Jesus defends his disciples by using messianic-eschatological terms: the Old Testament bridegroom metaphor was repeatedly applied to God (Isa 54:5–6; 62:4–5; Hos 2:16–20); and Jews sometimes used it of marriage in connection with the Messiah’s coming or with the messianic banquet (cf. Matt 22:2; 25:1; 2 Cor 11:2; Eph 5:23–32; Rev 19:7, 9; 21:2). Thus Jesus’ answer was implicitly Christological: he himself is the messianic bridegroom, and the Messianic Age has dawned.
This is his primary answer to their question about fasting: there is no reason to fast when you are in the presence of the bridegroom.
(NASB95) — 21 “No one sews a patch of unshrunk cloth on an old garment; otherwise the patch pulls away from it, the new from the old, and a worse tear results. 22 “No one puts new wine into old wineskins; otherwise the wine will burst the skins, and the wine is lost and the skins as well; but one puts new wine into fresh wineskins.”
In practical terms, a piece of unshrunk cloth tightly sewed to old and well-shrunk cloth in order to repair a tear will cause a bigger tear (2:21). Skin bottles for carrying various fluids were made by killing the chosen animal, cutting off its head and feet, skinning the carcass, and sewing up the skin, fur side out, to seal off all orifices but one (usually the neck). The skin was tanned with special care to minimize disagreeable taste. In time the skin became hard and brittle. If new wine, still fermenting, were put into such an old skin, the buildup of fermenting gases would split the brittle container and ruin both bottle and wine. New wine was placed only in new wineskins still pliable and elastic enough to accommodate the pressure.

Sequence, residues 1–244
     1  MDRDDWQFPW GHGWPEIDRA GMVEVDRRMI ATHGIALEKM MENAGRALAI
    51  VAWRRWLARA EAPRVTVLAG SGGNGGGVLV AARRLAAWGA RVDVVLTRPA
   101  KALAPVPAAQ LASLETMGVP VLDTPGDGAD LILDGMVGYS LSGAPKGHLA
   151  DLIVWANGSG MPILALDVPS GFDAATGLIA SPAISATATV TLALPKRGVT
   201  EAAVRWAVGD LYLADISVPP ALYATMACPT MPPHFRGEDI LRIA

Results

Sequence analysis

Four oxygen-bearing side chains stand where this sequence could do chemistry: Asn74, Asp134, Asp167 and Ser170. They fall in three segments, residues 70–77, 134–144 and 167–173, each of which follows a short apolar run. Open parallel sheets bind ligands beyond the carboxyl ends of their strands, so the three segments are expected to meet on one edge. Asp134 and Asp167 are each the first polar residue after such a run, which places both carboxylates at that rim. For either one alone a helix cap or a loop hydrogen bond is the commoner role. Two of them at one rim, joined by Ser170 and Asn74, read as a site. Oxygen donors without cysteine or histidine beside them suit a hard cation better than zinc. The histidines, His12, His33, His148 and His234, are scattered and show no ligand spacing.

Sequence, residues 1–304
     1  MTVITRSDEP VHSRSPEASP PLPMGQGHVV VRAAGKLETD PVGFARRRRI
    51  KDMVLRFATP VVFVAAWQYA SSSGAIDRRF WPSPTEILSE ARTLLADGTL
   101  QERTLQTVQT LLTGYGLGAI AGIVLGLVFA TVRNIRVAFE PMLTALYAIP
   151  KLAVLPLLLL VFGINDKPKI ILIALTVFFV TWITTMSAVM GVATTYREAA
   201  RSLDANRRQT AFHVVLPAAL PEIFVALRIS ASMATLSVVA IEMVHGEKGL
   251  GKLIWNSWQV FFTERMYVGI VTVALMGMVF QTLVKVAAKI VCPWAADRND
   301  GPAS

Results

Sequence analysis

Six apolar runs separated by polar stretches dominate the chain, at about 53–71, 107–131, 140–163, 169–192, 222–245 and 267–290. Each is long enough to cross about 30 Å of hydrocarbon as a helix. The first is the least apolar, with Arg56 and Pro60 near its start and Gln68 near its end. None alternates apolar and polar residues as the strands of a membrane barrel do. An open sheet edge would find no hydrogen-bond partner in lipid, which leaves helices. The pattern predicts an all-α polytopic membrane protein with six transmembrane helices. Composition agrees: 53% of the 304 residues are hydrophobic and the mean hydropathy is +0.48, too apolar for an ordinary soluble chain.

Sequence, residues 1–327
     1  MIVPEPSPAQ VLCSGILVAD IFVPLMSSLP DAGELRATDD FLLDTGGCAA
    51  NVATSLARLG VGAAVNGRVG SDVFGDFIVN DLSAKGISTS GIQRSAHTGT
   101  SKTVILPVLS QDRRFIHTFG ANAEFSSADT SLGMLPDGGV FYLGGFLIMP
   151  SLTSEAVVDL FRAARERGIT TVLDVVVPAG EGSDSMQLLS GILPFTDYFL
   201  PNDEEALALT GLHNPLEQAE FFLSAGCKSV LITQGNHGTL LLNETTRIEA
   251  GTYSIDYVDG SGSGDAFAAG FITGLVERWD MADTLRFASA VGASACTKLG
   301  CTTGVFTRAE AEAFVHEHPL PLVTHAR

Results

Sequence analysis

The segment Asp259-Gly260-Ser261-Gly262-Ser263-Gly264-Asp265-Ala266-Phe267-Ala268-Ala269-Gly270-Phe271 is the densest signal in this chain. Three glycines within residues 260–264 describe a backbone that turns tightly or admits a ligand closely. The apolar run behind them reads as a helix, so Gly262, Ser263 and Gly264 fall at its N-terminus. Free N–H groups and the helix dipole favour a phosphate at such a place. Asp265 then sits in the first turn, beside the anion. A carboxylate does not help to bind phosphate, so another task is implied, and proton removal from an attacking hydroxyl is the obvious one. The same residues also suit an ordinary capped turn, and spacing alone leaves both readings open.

These illustrations support Jesus’ primary answer by explaining why he is using a different construct for fasting. He was showing the Jews that what he was ushering in could not simply be patched onto old Judaism or poured into the old wineskins of Judaism. New forms would have to accompany what Jesus was now inaugurating. To try to domesticate him and incorporate him into the matrix of established Jewish religion would only succeed in ruining both Judaism and Jesus’ teaching.
As Jesus demonstrated with his authority over nature (Matthew 8:24-27), over demons (vv.28-34), over sin (9:1-8), and by his desire for mercy over the sacrifices of the old religious system (vv.9-12), it was fully within his Messianic authority to usher in “new wine” into “new wineskins“.
Exegesis: Matthew 9:17
(NASB95) — 17 “Nor do people put new wine into old wineskins; otherwise the wineskins burst, and the wine pours out and the wineskins are ruined; but they put new wine into fresh wineskins, and both are preserved.”
The phrase, “and both are preserved”, which is found only in Matthew, needs some careful attention in order to avoid coming to critical errors.
Some have taken this expression to mean that both Judaism and Christianity will be preserved, but careful exegetical observation demonstrates that the object of the term “both” refers to the “new wine” that is put into “fresh wineskins”; what Jesus is ushering in must be poured into new forms if both the form and its content are to survive. This is why it is Matthew who includes explicit references to the Church (16:18; 18:17). In other words, they were trying to fit the content of Jesus’ teaching into the old Jewish forms, which is why they couldn’t understand his actions, and which Jesus was warning would break both his content and the old Jewish forms since the content of Jesus’ teaching was not compatible with the old Jewish forms.
When we study this text we might come away with the conclusion that Jesus’ parables about the new wine and new wineskins don’t seem to fit within the question being asked about fasting. But what we discover is that, while these illustrations certainly do seem to go beyond the question of fasting, they only seem to go beyond the question of fasting to the extent necessary to lay the groundwork for the coherence of Jesus’ answer about fasting.
What Jesus is ushering in cannot be reduced to, or contained by traditions of Jewish piety. The messianic bridegroom has come. These parables bring unavoidable and radical implications for the entire structure of Jewish religion as its leaders then conceived it.